Then, after all the sites of tumor have been identified, the same molecule (DOTATATE) is hooked to a therapeutic isotope (177Lu) that creates lethal radiation in the local area where the DOTATATE binds. 177Lu-DOTATATE is infused into the patient; it seeks out the sites of cancer; and the 177Lu destroys it with localized radiation. It can be thought of as a system that seeks (68Ga-DOTATATE) and precisely destroys (177Lu-DOTATATE) the cancer, leaving other tissue alone.
Scratching the Surface
This is good, but neuroendocrine tumors are rare. Can theranostics be used for more common cancers such as prostate cancer? Yes.
The most well-known example of this is prostate-specific membrane antigen (PSMA). PSMA is a glycoprotein that is highly expressed in prostate cancers. More important, it is more highly expressed in high-risk and metastatic prostate cancer.
PSMA is being developed as a theranostic agent to detect and treat prostate cancer. The data supporting 68Ga-PSMA-11 (a ligand that binds to PSMA) PET/CT scanning for prostate cancer are compelling. PSMA PET/CT is far more sensitive than bone scanning or fluciclovine PET/CT, and in one study changed treatment decisions in 62 percent of patients with biochemically recurrent prostate cancer. PSMA is also being developed as a paired therapy (eg: 177Lu-PSMA-11) for prostate cancer. Early data are showing significant responses to PSMA therapy even in heavily pre-treated patients with widely metastatic disease. While not available outside of a clinical trial in the U.S., it is available in Europe.
Development of New Compounds
Because not every prostate cancer binds PSMA, the development of new compounds that bind to prostate and other cancers is critical. In the new Molecular Imaging and Therapeutics Research Program (MITRP) in the LLU Cancer Center (directed by Frankis Almaguel, MD, PhD), we have used boron chemistry to synthesize and develop molecules that bind to a number of prostate and other cancer biomarkers (eg: enolase, FAPI, MetAP2, etc). These molecules are then developed into theranostic pairs to image and treat cancer.
A New Theranostics Center
To leverage this theranostic approach to precision cancer therapy, Loma Linda University Cancer Center is developing a Theranostics Center as part of the MITRP in collaboration with BAMF Health. “We are excited to partner with LLUCC to bring this futuristic but real technology to the patients in a high speed manner. This partnership will make a significant impact to the future of cancer care with a strong research capability in proton therapy, health disparity, and other cancer related fields within LLU community,” said Dr. Anthony Chang, founder and CEO of BAMF Health. The Theranostics Center is being developed in three phases:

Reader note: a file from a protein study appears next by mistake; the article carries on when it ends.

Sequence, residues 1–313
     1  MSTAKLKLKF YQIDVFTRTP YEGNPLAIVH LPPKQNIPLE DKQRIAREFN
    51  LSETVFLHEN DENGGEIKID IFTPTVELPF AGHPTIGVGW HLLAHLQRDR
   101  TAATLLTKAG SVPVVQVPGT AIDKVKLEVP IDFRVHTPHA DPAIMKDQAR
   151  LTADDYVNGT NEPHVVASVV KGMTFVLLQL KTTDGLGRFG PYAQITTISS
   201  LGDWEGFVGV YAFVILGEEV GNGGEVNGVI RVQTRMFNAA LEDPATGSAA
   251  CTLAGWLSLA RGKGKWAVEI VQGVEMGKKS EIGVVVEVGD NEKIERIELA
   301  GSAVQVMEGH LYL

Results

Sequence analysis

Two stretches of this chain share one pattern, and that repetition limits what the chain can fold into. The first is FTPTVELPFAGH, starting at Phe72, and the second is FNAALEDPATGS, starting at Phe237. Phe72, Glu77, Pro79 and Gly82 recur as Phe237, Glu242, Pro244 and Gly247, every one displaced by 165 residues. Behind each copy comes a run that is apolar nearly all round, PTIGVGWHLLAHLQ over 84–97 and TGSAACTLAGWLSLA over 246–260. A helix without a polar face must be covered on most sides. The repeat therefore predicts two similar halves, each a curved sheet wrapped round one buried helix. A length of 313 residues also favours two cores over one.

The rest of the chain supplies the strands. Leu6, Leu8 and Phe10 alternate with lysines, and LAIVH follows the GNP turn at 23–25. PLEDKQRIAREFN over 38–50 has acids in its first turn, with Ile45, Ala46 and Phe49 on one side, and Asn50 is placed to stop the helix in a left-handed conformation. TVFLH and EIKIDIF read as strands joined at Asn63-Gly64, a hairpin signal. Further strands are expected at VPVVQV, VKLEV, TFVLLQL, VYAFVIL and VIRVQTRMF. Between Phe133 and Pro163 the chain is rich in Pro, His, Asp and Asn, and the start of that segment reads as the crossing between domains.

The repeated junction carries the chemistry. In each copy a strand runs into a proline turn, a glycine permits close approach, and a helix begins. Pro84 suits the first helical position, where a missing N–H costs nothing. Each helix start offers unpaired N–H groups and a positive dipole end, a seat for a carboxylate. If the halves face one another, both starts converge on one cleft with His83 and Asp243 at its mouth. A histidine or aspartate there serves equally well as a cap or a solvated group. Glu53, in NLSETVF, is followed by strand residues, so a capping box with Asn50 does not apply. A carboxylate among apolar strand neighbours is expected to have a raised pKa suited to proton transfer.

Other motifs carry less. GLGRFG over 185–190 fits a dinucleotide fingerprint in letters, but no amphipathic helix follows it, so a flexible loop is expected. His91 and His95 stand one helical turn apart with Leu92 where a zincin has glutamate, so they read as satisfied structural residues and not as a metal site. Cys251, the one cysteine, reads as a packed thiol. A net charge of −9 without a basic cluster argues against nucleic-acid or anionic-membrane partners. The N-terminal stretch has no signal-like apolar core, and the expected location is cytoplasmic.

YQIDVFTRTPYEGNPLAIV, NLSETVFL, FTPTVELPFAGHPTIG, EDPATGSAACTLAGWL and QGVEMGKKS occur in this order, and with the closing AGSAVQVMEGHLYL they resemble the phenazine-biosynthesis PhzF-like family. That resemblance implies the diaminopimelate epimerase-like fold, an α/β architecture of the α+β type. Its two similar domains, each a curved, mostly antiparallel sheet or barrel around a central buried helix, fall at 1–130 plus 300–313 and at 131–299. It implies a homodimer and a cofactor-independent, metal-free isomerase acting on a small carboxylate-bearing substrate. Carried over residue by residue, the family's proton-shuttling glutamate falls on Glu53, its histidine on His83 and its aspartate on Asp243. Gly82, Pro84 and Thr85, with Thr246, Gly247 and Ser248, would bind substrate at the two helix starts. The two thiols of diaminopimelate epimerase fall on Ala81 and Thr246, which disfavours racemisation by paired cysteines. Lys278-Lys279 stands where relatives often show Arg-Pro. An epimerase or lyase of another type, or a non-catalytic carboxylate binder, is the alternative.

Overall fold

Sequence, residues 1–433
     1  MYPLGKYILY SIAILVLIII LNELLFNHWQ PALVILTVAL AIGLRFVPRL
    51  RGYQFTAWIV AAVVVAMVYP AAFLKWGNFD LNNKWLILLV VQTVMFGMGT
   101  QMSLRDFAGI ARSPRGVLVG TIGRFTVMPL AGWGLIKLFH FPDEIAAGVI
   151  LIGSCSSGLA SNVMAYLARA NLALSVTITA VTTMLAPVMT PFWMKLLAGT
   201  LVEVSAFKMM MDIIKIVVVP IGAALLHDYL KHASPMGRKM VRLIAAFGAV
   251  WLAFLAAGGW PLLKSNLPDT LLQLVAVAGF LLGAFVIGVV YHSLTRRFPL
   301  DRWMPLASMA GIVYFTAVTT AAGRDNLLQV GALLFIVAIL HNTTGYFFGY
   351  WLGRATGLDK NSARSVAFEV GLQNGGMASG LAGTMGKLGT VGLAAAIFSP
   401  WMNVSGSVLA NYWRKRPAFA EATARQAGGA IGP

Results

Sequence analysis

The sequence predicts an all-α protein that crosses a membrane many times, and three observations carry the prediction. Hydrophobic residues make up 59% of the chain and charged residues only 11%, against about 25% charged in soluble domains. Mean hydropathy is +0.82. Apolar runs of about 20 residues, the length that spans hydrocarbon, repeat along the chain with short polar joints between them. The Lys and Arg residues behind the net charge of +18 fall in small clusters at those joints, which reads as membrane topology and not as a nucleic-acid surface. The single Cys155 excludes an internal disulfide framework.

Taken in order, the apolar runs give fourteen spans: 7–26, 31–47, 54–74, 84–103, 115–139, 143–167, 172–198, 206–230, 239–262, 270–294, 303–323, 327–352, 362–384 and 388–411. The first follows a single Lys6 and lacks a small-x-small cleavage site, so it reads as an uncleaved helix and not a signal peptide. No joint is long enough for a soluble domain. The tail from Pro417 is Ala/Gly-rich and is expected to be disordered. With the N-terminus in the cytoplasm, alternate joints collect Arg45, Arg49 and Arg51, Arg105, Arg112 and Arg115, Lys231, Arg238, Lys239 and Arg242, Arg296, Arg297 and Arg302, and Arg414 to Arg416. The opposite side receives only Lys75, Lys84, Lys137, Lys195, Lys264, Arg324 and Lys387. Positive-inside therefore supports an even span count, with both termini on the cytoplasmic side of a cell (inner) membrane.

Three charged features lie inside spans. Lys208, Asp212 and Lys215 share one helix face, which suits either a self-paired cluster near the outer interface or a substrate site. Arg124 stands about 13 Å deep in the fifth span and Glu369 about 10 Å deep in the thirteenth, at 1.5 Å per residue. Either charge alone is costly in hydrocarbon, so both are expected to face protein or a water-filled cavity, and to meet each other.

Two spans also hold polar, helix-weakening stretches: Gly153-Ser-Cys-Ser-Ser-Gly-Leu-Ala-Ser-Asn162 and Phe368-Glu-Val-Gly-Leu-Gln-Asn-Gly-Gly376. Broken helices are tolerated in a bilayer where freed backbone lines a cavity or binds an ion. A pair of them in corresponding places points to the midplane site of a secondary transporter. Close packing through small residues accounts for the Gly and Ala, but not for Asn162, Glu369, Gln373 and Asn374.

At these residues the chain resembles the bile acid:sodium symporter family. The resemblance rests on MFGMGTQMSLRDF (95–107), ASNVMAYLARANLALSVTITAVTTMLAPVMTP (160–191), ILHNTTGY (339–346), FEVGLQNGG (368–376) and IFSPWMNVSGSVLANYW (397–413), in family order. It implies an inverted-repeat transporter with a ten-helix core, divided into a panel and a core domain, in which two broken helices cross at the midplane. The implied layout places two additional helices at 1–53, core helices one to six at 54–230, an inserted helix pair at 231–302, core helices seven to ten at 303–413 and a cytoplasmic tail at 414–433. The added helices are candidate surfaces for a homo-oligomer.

Phase 1, which went live March 1, is a consultation clinic that makes theranostic consultations available to patients under the direction of Dr. Almaguel.
Phase 2, which we anticipate being active in 2022, will create a dedicated theranostics clinic, which will contain both dedicated molecular imaging facilities and a precision therapy and infusion clinic. It will allow us to provide both standard and experimental theranostic imaging and treatment.
Phase 3, which is planned to be active in 2-3 years, will leverage our existing cyclotron capabilities to create a full theranostics program. This will provide expanded molecular imaging and precision therapy clinics, full synthetic radiopharmacy capabilities, synthesis and translation of novel molecules into early-phase clinical theranostics trials, and the utilization of artificial intelligence to provide more efficient and precise therapies. Particularly exciting about this program is the full translational ability to conceptualize and synthesize compounds in the chemistry lab, develop them in sophisticated animal models, and bring them to early phase human use in a short period.
Theranostics and Proton Therapy
Adding further to the excitement about theranostics is the obvious connection to proton therapy and other particle therapies such as boron neutron-capture therapy (BNCT). We have already started integrating PSMA theranostics into proton therapy planning, and will combine these modalities in future clinical trials. Imagine for a moment, patients newly diagnosed with prostate cancer receiving theranostic molecular imaging with PSMA or other newer compounds and using these results to decide on the best approach to treatment. For instance, if the theranostic scan showed disease only in the prostate, then proton therapy might be chosen as the best treatment approach. Better yet, if the scan showed that only a specific part of the prostate had disease, then only that part of the prostate might be treated with proton therapy, potentially further lowering side effects. If the scan showed minimal distant metastatic disease and significant disease in the prostate, then the best approach might be up-front therapy with the theranostic agent, which would seek out and destroy the metastatic sites of disease. Proton radiation might then be used to treat any residual disease in the prostate.
All these approaches obviously need to be developed and tested in clinical trials, and there are many other potential synergies between theranostics and particle therapy. While this will require time and investment of resources, we believe that the co-location of theranostics and proton centers at LLUH make it the obvious place to develop and deliver these precision cancer treatment approaches.
► BOB Comment: We reached out to Dr. Reeves and asked for more details about the timing of implementation of the theranostics program at Loma Linda that may benefit BOB members with recurrent cancer. He said, “We hope to have our theranostics center up and running and able to provide this therapy in 2022. Patients can be seen before then, however, to determine if they’re candidates for PSMA therapy.”